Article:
Rock musicians usually have been free about acknowledging their influences – country, bluegrass, blues, folk, jazz, Latin music and more. But there’s one exception: classical.
Maybe it’s out of lingering embarrassment over those self-indulgent prog-rock bands of the early 1970s – Emerson, Lake & Palmer, particularly – and the bombastic metal bands with their Wagnerian pretensions. Too, once punk and alternative ushered in the notion that inspired amateurism was nirvana, the virtuosity demanded by classical didn’t seem a comfortable fit for rockers.
But there’s always been a “cool” side to classical influence on rock. The New Music/electronic music experimentalists – older composers like Luciano Berio, Karlheinz Stockhausen, John Cage and Pierre Henry and also younger Americans like Steve Reich, Terry Riley and Philip Glass – have provided ideas and inspiration. In particular, the latter group’s use of repetition, percussion and sound collages was as much in synch with the radical edge of the 1960s and 1970s as was rock.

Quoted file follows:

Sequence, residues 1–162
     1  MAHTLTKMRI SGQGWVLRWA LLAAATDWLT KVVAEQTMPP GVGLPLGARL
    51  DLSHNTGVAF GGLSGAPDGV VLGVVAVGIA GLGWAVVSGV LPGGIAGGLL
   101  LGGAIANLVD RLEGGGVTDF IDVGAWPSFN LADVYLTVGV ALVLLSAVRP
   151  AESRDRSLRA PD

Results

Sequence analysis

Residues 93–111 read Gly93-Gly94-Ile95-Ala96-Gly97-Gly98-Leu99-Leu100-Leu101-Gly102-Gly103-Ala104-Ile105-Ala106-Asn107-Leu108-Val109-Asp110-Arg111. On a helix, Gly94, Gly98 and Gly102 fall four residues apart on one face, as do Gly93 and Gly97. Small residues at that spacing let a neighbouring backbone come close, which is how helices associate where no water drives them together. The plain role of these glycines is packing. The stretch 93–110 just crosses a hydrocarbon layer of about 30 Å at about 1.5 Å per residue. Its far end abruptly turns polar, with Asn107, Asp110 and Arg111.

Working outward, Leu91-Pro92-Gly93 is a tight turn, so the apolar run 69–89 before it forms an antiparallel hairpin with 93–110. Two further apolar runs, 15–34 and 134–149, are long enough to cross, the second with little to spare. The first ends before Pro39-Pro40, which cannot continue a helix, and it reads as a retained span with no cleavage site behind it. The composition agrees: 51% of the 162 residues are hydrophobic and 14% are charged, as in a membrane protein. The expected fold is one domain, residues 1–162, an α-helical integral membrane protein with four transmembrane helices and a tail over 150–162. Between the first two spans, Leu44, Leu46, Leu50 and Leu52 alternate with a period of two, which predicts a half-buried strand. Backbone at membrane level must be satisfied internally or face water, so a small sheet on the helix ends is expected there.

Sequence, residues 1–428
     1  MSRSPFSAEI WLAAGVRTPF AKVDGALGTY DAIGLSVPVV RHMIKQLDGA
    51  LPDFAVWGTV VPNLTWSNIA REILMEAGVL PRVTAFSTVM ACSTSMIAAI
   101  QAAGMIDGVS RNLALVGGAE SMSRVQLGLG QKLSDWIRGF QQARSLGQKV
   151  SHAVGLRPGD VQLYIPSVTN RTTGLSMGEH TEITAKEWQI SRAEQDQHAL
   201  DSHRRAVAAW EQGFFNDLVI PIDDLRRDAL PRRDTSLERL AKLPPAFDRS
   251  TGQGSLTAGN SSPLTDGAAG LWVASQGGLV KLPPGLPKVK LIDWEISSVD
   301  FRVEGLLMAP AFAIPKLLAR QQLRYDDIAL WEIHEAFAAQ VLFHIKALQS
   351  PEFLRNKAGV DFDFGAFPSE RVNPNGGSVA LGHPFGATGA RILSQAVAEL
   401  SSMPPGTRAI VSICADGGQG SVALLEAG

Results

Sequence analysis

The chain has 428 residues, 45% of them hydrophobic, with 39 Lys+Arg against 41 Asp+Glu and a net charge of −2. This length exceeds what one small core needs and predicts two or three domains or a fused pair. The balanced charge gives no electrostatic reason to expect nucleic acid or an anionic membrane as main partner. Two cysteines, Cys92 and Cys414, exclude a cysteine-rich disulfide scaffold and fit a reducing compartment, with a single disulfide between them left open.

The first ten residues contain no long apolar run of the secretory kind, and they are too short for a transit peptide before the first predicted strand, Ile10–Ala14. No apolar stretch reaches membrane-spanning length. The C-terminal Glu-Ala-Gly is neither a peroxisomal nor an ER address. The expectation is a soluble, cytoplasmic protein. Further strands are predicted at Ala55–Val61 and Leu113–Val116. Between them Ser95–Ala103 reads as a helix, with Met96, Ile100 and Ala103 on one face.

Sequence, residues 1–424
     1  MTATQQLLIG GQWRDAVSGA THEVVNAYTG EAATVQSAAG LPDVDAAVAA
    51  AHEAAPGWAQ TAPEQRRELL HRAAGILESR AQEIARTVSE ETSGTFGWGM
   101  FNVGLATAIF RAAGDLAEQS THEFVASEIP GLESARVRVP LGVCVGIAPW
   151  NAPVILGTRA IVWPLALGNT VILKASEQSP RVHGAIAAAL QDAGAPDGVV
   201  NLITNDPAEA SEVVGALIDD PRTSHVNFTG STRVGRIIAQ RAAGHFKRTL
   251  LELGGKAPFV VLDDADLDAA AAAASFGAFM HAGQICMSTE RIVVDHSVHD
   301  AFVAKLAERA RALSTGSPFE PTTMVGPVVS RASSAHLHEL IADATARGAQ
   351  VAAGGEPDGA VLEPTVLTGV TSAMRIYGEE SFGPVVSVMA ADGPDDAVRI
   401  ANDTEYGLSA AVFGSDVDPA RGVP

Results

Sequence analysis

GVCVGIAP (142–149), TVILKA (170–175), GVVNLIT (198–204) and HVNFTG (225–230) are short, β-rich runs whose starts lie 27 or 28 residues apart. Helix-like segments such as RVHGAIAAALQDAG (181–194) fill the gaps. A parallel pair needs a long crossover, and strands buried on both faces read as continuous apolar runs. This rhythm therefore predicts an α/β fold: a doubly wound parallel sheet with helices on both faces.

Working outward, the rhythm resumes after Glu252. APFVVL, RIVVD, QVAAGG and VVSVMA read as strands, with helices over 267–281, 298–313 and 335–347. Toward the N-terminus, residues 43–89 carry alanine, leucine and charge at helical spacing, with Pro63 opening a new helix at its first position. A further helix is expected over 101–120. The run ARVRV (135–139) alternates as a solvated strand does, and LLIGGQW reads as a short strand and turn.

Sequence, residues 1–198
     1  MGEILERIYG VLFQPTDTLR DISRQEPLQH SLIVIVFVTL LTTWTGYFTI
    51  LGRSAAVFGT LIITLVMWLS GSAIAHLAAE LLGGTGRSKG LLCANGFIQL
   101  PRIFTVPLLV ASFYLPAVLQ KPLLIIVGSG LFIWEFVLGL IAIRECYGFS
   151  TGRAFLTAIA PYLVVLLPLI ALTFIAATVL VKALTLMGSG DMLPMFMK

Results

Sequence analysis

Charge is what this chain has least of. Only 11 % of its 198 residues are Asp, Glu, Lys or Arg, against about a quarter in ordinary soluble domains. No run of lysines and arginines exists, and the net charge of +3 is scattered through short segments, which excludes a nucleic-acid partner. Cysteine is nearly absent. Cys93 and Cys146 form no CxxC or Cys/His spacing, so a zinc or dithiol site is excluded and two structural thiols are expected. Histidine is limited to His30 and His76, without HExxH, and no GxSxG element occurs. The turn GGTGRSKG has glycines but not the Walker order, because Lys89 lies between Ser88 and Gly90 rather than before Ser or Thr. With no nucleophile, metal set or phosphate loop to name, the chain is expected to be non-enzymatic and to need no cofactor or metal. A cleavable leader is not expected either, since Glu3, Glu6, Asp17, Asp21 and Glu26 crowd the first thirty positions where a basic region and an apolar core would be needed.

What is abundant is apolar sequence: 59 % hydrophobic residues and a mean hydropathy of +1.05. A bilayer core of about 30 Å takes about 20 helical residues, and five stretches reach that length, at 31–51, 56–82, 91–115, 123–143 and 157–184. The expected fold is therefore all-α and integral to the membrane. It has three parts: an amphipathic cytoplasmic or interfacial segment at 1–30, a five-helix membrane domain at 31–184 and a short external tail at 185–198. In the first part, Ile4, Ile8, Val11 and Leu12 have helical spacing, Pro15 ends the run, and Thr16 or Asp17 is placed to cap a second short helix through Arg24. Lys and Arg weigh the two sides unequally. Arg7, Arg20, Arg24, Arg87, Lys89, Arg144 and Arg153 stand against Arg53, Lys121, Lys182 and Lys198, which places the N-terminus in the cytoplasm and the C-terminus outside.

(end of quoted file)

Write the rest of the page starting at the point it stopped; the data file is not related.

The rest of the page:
“Rock musicians have always had diverse backgrounds –the Beatles were receptive to composers like Berio and Stockhausen, and the underground in New York was directly involved with experimental art and composers like La Monte Young,” says Bryce Dessner, 37, who has a Master’s degree in music from Yale University and is a guitarist with the Brooklyn-based band the National. (His brother Aaron also is in the band.)
A new album of the Kronos Quarter playing four of Dessner’s classical compositions, Aheym, has recently been released on Anti- Records. It is Dessner’s recording debut as a composer.